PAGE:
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Laws of truth and derivation

  1. Dec 28, 2011 #1
    I know from linear algebra that you can take two things, and if they are equal to each other then you can simply substitute different variables to develop a proof of a different statement.

    For example take,

    w = a
    w = z + k
    therefore proof would posit that a = z + k

    But my dilemma lies in what my physics book sometimes does. It derives a "proof" by taking two equations and dividing them by each other to attain a different statement.

    For example,

    w = a
    b = k
    [tex]\frac{w}{b}=\frac{a}{k}[/tex]

    ??? This baffles me. What mathematical theorem or algebraic statement lets us derive something by taking two equations and dividing them by each other? There doesn't seem to be any connection or logic between steps.
     
  2. jcsd
  3. Dec 28, 2011 #2

    AlephZero

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    If b is nonzero, you can say
    [tex]\frac w b = \frac a b[/tex]
    and then because [itex]b = k[/itex]
    [tex]\frac w b = \frac a k[/tex]
     
  4. Dec 28, 2011 #3
    Really its that simple? My professor is an idi**. >.< I'm sorry if this offends anyone but he really does no justice to math or physics combined! He forces ideas down our throats and has little to no justifications for many things. /rant
     
  5. Jan 1, 2012 #4

    Fredrik

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    Yes, it's that simple. It's really just the fact that the equality sign means that what you have on the left is the same thing as what you have on the right. Every equality says something like 5=5, and I'm sure you don't doubt that "5=5 and 3=3" implies that "5/3=5/3". (You just have to make sure that you don't divide by zero).

    You're not the first person who has asked this, and you won't be the last. I don't know why teachers don't explain these "obvious" things. They really should.
     
  6. Jan 1, 2012 #5

    jedishrfu

    Staff: Mentor

    the proof is always left to the student. give your prof a break. zen moments come when you look deeply into a problem and the answer becomes obvious.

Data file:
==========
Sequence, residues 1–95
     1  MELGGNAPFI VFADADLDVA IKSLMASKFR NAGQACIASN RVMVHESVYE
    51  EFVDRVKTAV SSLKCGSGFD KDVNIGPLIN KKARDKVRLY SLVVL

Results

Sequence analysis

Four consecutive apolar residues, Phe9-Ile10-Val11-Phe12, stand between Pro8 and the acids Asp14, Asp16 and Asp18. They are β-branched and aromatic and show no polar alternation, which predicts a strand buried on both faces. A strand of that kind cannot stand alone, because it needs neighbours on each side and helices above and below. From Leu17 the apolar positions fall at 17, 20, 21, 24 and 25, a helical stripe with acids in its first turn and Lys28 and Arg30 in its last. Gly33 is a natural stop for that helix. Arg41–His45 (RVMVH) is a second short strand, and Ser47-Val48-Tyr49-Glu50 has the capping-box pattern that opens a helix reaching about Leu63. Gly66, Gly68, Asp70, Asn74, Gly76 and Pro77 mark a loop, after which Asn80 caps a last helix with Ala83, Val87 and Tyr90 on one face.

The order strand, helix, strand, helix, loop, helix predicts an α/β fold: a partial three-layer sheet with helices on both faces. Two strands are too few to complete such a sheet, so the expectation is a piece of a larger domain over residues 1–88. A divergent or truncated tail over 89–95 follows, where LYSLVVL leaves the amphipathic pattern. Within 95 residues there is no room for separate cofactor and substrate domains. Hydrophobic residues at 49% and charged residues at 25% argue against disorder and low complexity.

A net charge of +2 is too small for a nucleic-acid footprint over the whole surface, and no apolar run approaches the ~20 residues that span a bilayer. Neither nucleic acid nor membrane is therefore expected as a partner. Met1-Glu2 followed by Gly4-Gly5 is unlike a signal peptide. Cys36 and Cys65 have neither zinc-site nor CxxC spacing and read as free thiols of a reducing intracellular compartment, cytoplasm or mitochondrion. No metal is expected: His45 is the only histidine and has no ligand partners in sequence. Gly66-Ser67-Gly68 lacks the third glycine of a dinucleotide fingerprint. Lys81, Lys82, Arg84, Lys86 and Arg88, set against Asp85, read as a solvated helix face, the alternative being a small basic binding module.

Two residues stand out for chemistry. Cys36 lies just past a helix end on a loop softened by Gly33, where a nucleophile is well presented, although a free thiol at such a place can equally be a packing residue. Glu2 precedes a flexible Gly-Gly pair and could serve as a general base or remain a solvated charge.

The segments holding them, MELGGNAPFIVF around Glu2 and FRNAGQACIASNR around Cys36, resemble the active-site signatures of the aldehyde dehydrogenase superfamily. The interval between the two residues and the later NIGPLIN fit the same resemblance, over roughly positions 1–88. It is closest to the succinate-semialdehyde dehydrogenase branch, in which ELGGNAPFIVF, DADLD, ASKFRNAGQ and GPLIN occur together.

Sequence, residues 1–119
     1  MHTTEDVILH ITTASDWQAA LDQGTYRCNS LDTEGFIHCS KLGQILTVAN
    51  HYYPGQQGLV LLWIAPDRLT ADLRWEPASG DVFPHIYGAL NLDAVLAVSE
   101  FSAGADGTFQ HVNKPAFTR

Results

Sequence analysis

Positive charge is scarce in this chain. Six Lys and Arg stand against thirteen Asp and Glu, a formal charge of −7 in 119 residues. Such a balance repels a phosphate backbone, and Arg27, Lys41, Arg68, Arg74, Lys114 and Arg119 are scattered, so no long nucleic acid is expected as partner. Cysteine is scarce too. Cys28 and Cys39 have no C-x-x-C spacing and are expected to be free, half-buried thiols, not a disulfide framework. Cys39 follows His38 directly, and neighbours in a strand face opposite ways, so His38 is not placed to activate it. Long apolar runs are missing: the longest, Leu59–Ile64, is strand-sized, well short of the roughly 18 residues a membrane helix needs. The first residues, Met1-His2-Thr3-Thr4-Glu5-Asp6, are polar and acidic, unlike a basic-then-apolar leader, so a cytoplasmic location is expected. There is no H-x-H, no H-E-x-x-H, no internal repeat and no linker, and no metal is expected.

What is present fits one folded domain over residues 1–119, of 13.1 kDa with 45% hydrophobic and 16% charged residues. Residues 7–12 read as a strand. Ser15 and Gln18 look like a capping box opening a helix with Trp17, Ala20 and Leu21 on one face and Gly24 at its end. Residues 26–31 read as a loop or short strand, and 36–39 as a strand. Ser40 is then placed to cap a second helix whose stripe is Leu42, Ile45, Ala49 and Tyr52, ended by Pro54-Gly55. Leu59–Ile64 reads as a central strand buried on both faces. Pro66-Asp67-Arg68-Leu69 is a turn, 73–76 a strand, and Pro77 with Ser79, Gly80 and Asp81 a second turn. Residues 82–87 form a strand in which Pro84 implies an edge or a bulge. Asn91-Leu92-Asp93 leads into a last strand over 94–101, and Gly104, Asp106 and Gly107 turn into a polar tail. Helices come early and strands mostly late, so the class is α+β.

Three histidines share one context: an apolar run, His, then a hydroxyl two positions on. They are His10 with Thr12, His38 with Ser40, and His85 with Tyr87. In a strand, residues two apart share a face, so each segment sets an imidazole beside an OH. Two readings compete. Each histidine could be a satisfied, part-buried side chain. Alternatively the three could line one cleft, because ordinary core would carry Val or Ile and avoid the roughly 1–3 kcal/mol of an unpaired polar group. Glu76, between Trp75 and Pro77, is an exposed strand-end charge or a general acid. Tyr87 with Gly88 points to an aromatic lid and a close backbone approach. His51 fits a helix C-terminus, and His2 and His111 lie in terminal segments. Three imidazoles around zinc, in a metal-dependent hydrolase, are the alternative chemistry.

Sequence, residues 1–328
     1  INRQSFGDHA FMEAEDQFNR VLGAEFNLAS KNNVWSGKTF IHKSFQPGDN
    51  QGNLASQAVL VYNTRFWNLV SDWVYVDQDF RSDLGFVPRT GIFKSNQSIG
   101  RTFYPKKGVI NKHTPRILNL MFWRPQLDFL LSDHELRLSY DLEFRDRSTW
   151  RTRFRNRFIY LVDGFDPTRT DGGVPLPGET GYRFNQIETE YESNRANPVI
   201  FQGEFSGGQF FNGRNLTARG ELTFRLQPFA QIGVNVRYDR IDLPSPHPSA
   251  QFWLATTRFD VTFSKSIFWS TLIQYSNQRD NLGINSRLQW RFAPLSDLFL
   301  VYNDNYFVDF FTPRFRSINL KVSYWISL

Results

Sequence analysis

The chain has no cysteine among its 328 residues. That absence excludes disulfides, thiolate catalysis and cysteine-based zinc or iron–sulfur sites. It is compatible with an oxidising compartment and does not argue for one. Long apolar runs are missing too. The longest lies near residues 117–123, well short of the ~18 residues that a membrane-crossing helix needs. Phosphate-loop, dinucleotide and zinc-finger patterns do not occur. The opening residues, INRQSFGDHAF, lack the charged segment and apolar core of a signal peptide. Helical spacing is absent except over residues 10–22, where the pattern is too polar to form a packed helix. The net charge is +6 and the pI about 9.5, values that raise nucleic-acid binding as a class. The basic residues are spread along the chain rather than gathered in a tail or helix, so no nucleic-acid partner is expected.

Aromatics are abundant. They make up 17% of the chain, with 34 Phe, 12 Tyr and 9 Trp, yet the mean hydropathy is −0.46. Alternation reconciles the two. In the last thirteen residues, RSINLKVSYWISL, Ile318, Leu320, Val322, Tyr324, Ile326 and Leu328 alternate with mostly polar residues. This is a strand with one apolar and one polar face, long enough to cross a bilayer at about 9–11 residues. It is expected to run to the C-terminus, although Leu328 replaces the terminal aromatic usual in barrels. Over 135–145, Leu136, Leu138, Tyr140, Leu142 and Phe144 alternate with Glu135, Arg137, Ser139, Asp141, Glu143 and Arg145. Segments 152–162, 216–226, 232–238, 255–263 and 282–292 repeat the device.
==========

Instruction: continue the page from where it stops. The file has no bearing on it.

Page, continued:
7. Jan 1, 2012 #6
    Sometimes, it can be difficult to be aware of the need to explain such things, since they seem too obvious to need explanation. But, to a student who doesn't realize it, it can seem like a serious omission.

    Omitting one step in a proof is not the kind of thing you should be upset about. That's the kind of thing you should just ask about.

    What you should be upset about, for example, is when you are confronted with a horrific half-page calculation with no intuition, and then you discover there is a simple concept behind it that makes it all clear and obvious that was obscured by the professor. I'm just guessing a number, here, but that has probably happened over 100 times in my education so far.
     
  8. Jan 2, 2012 #7

    HallsofIvy

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    He expects you to think for yourself? The Bastard!
     
  9. Jan 2, 2012 #8
    I'm sorry no one here really knows my professor. I'm the type that never complains about professors because I self-teach myself everything anyhow. But this professor really rapes math and physics of all its beauty [had him for physics and calculus], everything was very plug and chug. He gave very little intuition, context, concept motivation, etc. etc.. I've seen him completely rape physics of all its beauty that it irritates me.

    And the reason I said that about my professor not being able to explain it to me is that when I try to ask what -insert name here- law or postulate allows you to do that, he is left out of words. He knows how to use things but does not know where things come from, how things come to be, and their context/bigger picture.

    And I wish he would expect you to THINK for yourself, but in his class things are succumbed to rote calculation. Maybe I'm overreacting and should accept the status quo of quality of professors in this age but I had him for two classes this past semester, so that instigated and accelerated my dislike for his teaching habits.


    Professors aren't perfect, but when its a consistent lack of quality then things get a bit irritating. I can self-teach myself a lot of things, look for a simple concept behind something, and search for something in the bigger context but its much more convenient if professors can fill that role from time to time.

    To HallsofIvy and others,

    The last thing I need is for someone to come in class everyday and go by the books [exactly what he did]. I'm perfectly apt in teaching myself. I don't want someone who goes in the class everyday and go example by example in the book and tell me things that I CAN READ myself. That was the basis of my rant.
     
    Last edited: Jan 2, 2012
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